My fearless editor, I think it’s safe to say, knew that I would come around to the idea.
‘James, fancy a Saturday tasting trip to Prestige des Sacres Vineyard in Champagne with Global Grapes? You’ll have to do me a write-up, of course, but, well…’
…well, I had to think about it for all of ten seconds, check off my proposed absence (and potential state of inebriation upon my return) with my beloved (check), and I was in.
I mean to say, I have already had the privilege and pleasure of attending one of Global Grape’s excellent wine tastings, at the home of one of the institution’s co-owners, so I really couldn’t see how a trip to the heart of Champagne near Reims would be any less of a joy.
It wasn’t. True, it was a touch painful having to be at the bus pick-up point at 06:45 on a Saturday morning but, given that the trip was around three-and-a-half hours, and we all wanted as much of the day to enjoy as possible, you couldn’t really complain. And under the very capable leadership of a couple of the Global Grapers whatever discomfiture I experienced at being on the road so early was very quickly put to bed with coffee, croissants and, before very long, more than a couple of glasses of the good stuff.
The Prestige des Sacres champagnes that we were en route to discover the origins of had been very conveniently situated in a cool-box, and we were to have an ample taste of three of their finest before and after our visit to the vineyard – Brut Prestige (very big on the fruit, but with a delicate, easy-drinking charm), Rosé Prestige (one of the best rosés I have tried in a long while) and Cuvée Privilège Brut Millésimé (a belter, in keeping with its ‘vintage’ label, which is only awarded to the champagne house’s finest years).
So, it’s safe to say that I was well in the mood for more but, before we arrive, a brief history lesson (with thanks to Prestige des Sacres’ website): ‘The kings of France coronations used to take place in the Cathedral of Reims – Clovis was baptized by Saint Remi in 498-499, which gave birth to the tradition of most of France’s subsequent kings being crowned in Reims. Our vineyards became the kings’ wine birth place and this well before Champagne became, well, champagne.’
There are 300 acres of Prestige des Sacres, in which each variety of grape so essential to champagne’s wonderful flavours, Pinot Meunier, Chardonnay and Pinot Noir, find their own expression. From Massif de Saint Thierry through Monts de Reims, as far as Montagne de Reims, the different types of soil and the choice of varieties provide grapes with uniquely expressive qualities.
But that’s enough of the ad spiel for now – our genial host and Master of Ceremonies, Frédéric, was waiting for us at the vineyard, and a full programme was in store. We had a truly delicious afternoon awaiting us, but we were going to have to earn it.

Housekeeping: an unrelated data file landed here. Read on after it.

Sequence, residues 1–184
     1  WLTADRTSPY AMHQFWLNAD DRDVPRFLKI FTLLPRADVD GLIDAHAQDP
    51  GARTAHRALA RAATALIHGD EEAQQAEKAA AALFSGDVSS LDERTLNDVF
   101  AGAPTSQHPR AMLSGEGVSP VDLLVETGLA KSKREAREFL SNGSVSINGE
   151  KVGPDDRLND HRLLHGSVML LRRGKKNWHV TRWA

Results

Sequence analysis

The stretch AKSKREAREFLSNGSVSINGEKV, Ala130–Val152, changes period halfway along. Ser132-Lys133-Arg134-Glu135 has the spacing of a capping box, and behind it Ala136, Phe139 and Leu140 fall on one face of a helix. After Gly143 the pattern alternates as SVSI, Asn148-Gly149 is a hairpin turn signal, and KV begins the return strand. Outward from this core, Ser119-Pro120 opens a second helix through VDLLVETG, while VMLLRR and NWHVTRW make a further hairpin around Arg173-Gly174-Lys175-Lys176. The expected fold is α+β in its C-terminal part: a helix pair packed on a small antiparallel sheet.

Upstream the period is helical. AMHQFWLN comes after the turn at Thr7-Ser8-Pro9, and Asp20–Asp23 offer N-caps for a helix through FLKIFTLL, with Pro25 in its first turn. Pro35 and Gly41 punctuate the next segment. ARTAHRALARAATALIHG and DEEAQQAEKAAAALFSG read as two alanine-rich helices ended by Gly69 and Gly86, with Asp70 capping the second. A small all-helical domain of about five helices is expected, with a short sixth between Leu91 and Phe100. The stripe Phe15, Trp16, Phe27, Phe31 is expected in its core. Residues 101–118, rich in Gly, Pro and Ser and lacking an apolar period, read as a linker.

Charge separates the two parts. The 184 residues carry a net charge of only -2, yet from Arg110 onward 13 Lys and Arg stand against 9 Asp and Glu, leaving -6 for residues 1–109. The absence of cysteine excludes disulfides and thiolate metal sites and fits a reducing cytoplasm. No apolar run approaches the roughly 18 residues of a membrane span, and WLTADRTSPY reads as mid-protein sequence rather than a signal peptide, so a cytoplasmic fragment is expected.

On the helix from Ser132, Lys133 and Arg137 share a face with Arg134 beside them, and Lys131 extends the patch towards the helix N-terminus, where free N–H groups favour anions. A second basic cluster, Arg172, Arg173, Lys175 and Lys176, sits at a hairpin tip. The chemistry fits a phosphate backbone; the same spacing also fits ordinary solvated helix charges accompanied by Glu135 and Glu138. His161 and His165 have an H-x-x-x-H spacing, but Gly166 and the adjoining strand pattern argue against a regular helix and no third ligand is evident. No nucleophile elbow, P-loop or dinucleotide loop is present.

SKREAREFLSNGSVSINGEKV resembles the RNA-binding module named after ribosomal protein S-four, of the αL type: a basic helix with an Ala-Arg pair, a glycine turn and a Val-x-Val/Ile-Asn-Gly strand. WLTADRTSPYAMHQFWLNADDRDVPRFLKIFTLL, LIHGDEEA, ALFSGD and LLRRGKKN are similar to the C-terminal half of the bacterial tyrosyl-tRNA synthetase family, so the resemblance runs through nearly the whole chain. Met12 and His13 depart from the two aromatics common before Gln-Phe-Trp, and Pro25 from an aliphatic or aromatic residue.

First, Frédéric showed us the press from which comes the first juice of the grapes, be it noir, meunier or chardonnay – the first press juices, which is called the cuvée, is absolutely vital to the future Prestige des Sacres blends, and holds a privileged place in the process. Care must be taken to avoid excessive oxidization, so the pressed juice is quickly lowered in temperature to around 17 degrees Celsius, before allowing the time required for the wine to age after the vital secondary fermentation (which produces the magic bubbles), the time provided after disgorging to find the right balance in the cuvee and to create conditions to assist the subtle ageing of the flavours in the bottles. Prestige des Sacres champagnes offer a fruity and fresh range, offering everything from fruit to subtle power and elegance.
Then, it was time for lunch. Wow, just wow – a delightful entrée of a half-cut (!) melon served with a champagne alcohol resembling a dry, heavy port, followed by a simply delightful, hearty repast of the finest bacon, ham, sausages and seasonal vegetables that is apparently the fayre frequently enjoyed by the grape pickers (which we were shortly to become). In addition, while we had enjoyed champagne by way of aperitifs before the meal, our accompanying wine was in fact of the rare, still variety – a red wine from Champagne that complemented the meal to perfection. Lots more drinks, a delicious flan-style pudding and an excellent coffee later, and it was time for us to join the harvesters.
We were in fact extremely honoured to be invited to the vineyard in grape-picking season, which had just begun – normally, nothing is allowed to interfere with bringing the booty home but, thanks to Global Grapes’ reputation and their very good relationship with Prestige des Sacres, we were allowed to don our ‘blue team’ official pickers’ T-shirts and get stuck in.
We were picking the pinot meunier grapes, and I was finally able to realize a long-cherished dream of tasting a bunch (or three, or four) of real wine grapes at harvest time. And they did not disappoint – while very different from the standard eating grapes to be found at the greengrocer, they nevertheless had a startling contrast between sour and sweet that was amazing, and I still have a couple of bunches in my fridge that I am working through as a flavourable memento.
Then, there remained only to thank Frédéric, Prestige des Sacres and Global Grapes – if any of the above has whetted your appetite for enjoying a trip of your own, all you have to do is make contact with either the vineyard direct or Global Grapes, contact details below.
For me, it was back to Brussels with another lovely memento of the day, kindly provided by Prestige des Sacres. See if you can guess what it was, and how long it will last in my fridge?
Champagne Prestige des Sacres
T. +33 3 26 03 63 40
Global Grapes sprl.
Avenue des Sittelles, 103
T. +32 (0)495 81 53 77
For Global Grapes’ full selection of excellent champagnes, click here.